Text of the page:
Federal retirement programs depend on revenues from taxes
Tax revenues are what our government depends on to fund its expenses and obligations. These obligations include entitlement programs like Social Security, Medicare, and Medicaid. Expenses include paying interest on the national debt, defense spending, and funding over 400 federal agencies.
In 1900 the federal government was less than three percent of the U.S. economy. Today, it’s estimated to be over thirty percent of the economy. If you add state and local government, it’s over forty percent of the economy. Add to this, over seventy-seven million baby boomers receiving, or soon to receive Social Security, Medicare, or Medicaid and no longer paying into those same programs after retirement.
Will the current federal tax rate and budget deficit eat away at your retirement?
According to The Heritage Foundation, given the current tax rates and expenditure levels, tax revenues will be fully consumed by the year 2030. David Walker, the former Comptroller General of the Federal Government for ten years under Bush and Clinton predicts the government will soon be forced to double tax rates for individuals, reduce spending by half, or some combination of the two. According to the Office of Management and Budget, the U.S. Treasury borrowed money to make up the gap in 45 of the last 50 years. As of this writing, USDebtClock.org shows the national debt approaching twenty-two trillion dollars.
No one can reliably predict the future of tax rates, but the circumstances will force Congress to address the shortfall sooner than later. Their choices are simple; cut spending; increase tax rates; borrow more money or print money.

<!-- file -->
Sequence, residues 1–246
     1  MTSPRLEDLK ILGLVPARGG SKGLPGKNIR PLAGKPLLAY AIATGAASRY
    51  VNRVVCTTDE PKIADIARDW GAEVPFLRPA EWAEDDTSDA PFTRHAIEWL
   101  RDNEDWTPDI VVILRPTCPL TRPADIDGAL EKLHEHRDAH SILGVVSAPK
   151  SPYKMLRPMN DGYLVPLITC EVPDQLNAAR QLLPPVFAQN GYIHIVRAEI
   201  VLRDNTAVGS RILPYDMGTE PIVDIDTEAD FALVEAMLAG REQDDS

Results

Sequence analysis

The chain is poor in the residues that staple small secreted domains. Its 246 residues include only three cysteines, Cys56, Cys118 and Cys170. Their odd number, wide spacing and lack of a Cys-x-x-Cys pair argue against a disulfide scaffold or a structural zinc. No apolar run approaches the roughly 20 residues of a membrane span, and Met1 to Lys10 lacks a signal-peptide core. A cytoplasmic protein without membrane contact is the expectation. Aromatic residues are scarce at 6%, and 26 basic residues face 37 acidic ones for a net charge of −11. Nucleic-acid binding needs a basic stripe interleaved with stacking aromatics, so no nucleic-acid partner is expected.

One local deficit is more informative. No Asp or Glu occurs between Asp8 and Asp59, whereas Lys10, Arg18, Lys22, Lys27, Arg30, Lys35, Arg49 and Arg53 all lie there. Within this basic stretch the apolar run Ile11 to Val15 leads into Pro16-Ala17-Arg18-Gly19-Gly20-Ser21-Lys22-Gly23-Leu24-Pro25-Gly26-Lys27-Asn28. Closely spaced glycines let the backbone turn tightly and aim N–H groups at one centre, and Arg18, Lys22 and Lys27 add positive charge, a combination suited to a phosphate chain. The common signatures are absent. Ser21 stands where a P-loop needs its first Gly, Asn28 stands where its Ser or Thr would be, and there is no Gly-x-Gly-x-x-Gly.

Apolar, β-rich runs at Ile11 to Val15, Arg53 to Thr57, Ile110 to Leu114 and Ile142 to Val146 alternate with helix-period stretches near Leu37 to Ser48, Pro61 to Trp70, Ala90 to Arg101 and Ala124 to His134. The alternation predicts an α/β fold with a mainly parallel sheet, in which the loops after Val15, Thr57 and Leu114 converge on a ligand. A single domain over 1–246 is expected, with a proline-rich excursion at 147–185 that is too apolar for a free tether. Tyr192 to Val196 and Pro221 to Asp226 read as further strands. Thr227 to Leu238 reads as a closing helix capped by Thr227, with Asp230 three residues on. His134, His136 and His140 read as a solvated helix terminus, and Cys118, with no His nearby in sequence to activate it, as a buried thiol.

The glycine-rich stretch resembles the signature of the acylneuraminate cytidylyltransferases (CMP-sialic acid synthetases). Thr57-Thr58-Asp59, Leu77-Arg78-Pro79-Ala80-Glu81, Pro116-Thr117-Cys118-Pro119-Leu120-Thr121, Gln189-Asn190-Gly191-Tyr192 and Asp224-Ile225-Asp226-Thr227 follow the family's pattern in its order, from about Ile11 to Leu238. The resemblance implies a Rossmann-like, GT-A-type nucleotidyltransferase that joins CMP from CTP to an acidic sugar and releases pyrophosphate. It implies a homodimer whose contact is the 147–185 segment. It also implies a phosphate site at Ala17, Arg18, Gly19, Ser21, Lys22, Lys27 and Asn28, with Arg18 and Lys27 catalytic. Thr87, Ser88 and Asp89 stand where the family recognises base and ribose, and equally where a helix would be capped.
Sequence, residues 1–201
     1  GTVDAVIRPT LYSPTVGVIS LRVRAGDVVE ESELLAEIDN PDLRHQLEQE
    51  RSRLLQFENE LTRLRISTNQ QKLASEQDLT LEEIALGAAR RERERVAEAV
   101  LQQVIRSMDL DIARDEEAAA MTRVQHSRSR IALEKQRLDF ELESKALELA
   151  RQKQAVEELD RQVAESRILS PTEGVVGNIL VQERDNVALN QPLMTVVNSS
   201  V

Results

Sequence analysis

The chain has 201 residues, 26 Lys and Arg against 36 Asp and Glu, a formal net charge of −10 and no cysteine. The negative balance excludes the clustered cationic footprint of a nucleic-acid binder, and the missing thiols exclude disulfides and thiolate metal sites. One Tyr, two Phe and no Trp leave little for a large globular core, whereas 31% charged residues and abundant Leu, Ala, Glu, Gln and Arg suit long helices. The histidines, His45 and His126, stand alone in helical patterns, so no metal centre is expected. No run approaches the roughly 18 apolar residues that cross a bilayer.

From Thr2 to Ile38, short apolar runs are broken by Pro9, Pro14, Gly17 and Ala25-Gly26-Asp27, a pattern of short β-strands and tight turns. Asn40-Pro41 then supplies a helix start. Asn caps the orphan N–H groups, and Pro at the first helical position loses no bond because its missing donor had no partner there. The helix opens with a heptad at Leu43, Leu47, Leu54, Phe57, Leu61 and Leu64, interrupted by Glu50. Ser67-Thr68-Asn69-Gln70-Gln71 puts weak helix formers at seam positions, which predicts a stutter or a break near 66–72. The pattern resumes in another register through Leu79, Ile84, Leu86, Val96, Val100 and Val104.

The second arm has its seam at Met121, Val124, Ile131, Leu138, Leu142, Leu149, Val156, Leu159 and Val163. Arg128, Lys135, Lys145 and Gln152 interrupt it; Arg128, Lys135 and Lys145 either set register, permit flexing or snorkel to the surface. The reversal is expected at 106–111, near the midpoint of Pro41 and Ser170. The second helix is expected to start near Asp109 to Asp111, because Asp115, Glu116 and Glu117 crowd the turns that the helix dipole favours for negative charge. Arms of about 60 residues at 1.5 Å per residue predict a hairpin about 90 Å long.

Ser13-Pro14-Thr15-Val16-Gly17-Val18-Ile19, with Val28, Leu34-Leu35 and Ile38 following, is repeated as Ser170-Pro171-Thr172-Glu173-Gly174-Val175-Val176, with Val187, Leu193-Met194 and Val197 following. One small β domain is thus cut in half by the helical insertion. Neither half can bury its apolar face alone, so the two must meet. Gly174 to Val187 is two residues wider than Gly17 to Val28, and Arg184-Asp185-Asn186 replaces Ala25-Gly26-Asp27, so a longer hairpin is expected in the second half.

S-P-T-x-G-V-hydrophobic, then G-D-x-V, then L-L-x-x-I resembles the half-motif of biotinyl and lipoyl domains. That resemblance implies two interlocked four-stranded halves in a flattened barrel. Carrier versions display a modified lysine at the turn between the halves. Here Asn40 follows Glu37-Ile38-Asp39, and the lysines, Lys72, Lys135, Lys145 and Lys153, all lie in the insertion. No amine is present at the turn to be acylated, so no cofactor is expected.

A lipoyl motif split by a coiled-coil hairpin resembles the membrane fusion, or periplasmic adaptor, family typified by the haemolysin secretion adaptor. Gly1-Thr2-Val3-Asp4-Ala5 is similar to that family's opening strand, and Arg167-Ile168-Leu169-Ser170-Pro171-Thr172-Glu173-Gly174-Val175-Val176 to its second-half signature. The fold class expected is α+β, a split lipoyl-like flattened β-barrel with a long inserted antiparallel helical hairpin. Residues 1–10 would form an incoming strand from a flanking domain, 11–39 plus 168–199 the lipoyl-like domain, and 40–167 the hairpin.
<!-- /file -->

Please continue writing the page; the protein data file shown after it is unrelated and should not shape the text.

Retirees may continue to suffer negative impacts of the budget deficit
After the financial crisis in 2008, the Federal Reserve was forced to lower interest rates to historically low levels. For the last ten years, many retirees were affected by the Fed’s actions which resulted in lower rates for traditional fixed-income investments such as CDs, bonds, and fixed annuities. What actions could be next for retirees? If Congress chooses to increase taxes, it will have a negative effect on many retirees who have no source of income other than their retirement savings in taxable and/or tax-deferred accounts like 401(k)s and IRAs. For those investors who have Roth IRAs, the distributions are tax-free.
Should you be concerned about how the tax rate will impact your retirement?
Many Americans in retirement or facing retirement have the following questions:
- How much money will I need over my Social Security and/or pension payments?
- How will the stock market and interest rates impact my retirement savings?
- How much will I pay in taxes for monies distributed from tax-deferred accounts such as IRAs and 401(k)s?
- Should I consider making Roth IRA* or Roth 401(k)** contributions and/or IRA to Roth conversions?
- How much will I need for medical needs and long-term care?
*subject to income limits **if available for your company
At Worth Asset Management, we help our clients navigate through retirement challenges with sound advice. Although we don’t offer tax advice, we work with tax professionals who can help with tax questions.
About Worth Asset Management
Worth is an independent and diversified financial services company providing a wide range of wealth management services to help clients build wealth no matter where their financial journey begins.
Worth Asset Management is an RIA (Registered Investment Advisor) firm. Expert financial services include retirement planning, asset & portfolio management, and investment management.
Disclosure: Worth Asset Management, LLC is an investment advisory firm whose principal place of business is in Texas. We may only conduct business in states in which we are registered or qualify for an exemption from registration requirements. Please realize that this website is provided for informational purposes only and should not be construed as a solicitation to buy or sell a security or the delivery of personalized investment advice.
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